Health workers were drafted into primary schools after shocking new evidence emerged about the depth of Essex’s binge-drinking culture.

Staff from NHS North East Essex primary care trust visited schools after a survey found 14 per cent of children had been drunk by the age of 11.

It also found a third of 15-year-olds had been drunk.

Donna Telfer, assistant director of public health, said: “The results show the number of younger people consuming alcohol is a lot higher than we would like it to be.

“A glass of wine at Christmas with parents is one thing, but these results suggest the issue goes deeper than that.”

Health trusts will try to drive home the message to youngsters about the dangers of binge drinking.

Advisers will be visiting primary and secondary schools in Colchester and Tendring to educate pupils, parents and teachers.

The schools involved include St Lawrence Primary School, in Rowhedge, Home Farm Primary School, in Lexden, Colchester, and Coppins Green Junior School, in Clacton.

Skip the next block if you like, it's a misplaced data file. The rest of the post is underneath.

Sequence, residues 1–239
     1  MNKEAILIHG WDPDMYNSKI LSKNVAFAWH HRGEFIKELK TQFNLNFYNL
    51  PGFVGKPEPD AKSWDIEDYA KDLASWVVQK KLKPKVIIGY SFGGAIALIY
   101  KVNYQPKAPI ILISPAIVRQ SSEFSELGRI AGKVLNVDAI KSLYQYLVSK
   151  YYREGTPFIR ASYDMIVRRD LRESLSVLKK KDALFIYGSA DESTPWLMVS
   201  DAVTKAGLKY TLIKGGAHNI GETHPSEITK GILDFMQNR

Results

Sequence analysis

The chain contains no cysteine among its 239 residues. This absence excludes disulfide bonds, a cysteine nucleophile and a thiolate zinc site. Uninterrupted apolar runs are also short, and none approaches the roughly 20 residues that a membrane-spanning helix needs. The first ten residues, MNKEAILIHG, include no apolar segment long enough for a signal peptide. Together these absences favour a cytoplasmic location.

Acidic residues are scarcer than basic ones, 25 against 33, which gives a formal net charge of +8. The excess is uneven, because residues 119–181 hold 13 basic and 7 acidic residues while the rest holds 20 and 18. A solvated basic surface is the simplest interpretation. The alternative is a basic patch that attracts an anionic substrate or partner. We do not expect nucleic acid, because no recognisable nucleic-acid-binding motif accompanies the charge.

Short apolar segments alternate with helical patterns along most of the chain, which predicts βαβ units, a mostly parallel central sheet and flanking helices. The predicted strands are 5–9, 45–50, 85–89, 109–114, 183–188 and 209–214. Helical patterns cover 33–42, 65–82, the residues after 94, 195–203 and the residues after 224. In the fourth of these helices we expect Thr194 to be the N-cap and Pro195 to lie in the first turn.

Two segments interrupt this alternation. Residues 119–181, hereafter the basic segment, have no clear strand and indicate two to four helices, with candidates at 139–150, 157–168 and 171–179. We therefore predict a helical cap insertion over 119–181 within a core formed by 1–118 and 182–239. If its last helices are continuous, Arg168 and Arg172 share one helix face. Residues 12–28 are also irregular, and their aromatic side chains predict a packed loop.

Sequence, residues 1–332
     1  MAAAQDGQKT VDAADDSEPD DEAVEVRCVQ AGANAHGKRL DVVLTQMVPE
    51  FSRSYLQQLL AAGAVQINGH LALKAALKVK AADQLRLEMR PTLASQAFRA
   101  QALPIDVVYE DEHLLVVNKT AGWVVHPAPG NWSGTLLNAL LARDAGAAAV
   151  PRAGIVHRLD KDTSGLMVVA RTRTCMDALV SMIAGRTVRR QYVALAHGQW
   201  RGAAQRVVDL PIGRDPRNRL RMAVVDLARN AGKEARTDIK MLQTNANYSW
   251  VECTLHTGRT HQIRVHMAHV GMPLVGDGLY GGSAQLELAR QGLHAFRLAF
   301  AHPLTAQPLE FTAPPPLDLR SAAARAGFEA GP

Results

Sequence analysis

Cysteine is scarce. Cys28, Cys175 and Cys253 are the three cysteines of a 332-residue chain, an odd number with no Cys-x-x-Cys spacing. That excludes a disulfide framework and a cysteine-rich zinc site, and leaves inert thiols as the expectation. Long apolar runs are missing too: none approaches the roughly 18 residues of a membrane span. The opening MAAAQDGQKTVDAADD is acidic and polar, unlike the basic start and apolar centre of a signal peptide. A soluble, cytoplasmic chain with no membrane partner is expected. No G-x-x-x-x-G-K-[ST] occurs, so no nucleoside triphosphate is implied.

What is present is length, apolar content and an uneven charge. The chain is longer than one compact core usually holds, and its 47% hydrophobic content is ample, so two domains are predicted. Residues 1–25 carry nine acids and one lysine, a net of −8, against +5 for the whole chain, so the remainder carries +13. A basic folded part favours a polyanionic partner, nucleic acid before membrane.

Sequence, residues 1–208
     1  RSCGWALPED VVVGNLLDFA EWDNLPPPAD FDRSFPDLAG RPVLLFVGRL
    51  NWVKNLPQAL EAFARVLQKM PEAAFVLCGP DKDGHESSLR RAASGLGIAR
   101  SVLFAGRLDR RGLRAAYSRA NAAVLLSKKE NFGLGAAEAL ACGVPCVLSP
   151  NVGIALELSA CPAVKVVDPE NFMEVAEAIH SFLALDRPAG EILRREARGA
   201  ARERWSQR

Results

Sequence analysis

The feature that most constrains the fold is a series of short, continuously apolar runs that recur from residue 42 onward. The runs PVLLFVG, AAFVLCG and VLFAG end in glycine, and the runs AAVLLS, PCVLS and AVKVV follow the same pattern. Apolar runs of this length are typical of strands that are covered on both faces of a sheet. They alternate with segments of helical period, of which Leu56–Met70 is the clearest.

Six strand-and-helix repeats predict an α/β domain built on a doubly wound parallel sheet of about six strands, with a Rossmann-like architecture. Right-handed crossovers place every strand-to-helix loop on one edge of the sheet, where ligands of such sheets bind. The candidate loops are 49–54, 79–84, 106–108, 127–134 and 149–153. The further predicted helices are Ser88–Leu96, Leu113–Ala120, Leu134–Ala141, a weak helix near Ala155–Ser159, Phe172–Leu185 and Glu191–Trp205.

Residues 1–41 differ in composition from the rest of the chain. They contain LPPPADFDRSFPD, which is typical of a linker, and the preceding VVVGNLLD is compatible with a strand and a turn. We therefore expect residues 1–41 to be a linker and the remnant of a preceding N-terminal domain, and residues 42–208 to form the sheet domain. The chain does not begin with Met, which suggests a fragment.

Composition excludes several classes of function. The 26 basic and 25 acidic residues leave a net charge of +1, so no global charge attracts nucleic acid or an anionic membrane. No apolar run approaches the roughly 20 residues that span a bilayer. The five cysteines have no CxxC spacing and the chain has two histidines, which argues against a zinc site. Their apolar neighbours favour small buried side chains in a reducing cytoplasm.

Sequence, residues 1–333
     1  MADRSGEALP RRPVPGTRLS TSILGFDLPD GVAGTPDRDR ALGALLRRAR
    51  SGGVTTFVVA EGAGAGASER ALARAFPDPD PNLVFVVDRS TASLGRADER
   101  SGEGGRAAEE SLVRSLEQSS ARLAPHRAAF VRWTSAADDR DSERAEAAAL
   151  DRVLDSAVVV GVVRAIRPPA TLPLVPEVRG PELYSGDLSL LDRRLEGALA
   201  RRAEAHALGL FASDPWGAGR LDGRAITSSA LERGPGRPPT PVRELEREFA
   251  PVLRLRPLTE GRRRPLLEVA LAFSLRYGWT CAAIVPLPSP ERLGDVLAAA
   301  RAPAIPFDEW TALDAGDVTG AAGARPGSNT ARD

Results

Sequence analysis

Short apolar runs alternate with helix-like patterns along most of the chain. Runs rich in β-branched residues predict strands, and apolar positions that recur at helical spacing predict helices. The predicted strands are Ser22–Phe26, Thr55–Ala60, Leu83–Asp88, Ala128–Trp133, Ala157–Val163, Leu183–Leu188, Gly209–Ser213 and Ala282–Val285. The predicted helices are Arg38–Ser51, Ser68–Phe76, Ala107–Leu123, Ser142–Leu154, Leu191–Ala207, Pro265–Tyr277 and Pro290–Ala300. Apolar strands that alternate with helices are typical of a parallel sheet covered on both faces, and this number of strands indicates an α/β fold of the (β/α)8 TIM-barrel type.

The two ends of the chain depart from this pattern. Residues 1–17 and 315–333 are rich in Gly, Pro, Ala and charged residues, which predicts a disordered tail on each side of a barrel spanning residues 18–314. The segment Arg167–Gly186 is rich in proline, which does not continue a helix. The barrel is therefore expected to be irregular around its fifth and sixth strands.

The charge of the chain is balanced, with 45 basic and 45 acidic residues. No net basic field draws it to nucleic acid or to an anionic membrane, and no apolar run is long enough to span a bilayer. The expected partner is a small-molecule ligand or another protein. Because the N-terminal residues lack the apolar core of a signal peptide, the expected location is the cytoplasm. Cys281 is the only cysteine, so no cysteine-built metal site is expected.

Mo Oliver, headteacher at Home Farm Primary School, said: “They are very aware of alcohol at this age. They see the part alcohol plays in their parents’ relaxation and leisure time.

“I think we have to start Education much earlier now and, as a school, part of our core purpose is to help children make the right choices and decisions.”

In the past year, the primary care trust has also appointed school liaison workers, an alcohol nurse specialist and has teamed up with police, the probation service and fire service to fight binge drinking.

Ms Telfer added: “It’s time we started to rethink our drinking habits and the impacts excessive drinking has on ourselves and our community.”

The survey was carried out by the Schools Health Education Unit.

An alcohol charity said it supported the move.

Therese Lyras, a spokeswoman for Alcohol Concern, said: “The problems we are seeing with young people nowadays weren’t there in the past.

“In general, people weren’t drinking in such a manner as they are now or drinking so much in one session.

“The earlier they start the more likely it is they will encounter problems from their drinking. We want to encourage youngsters to have a healthier attitude to alcohol.”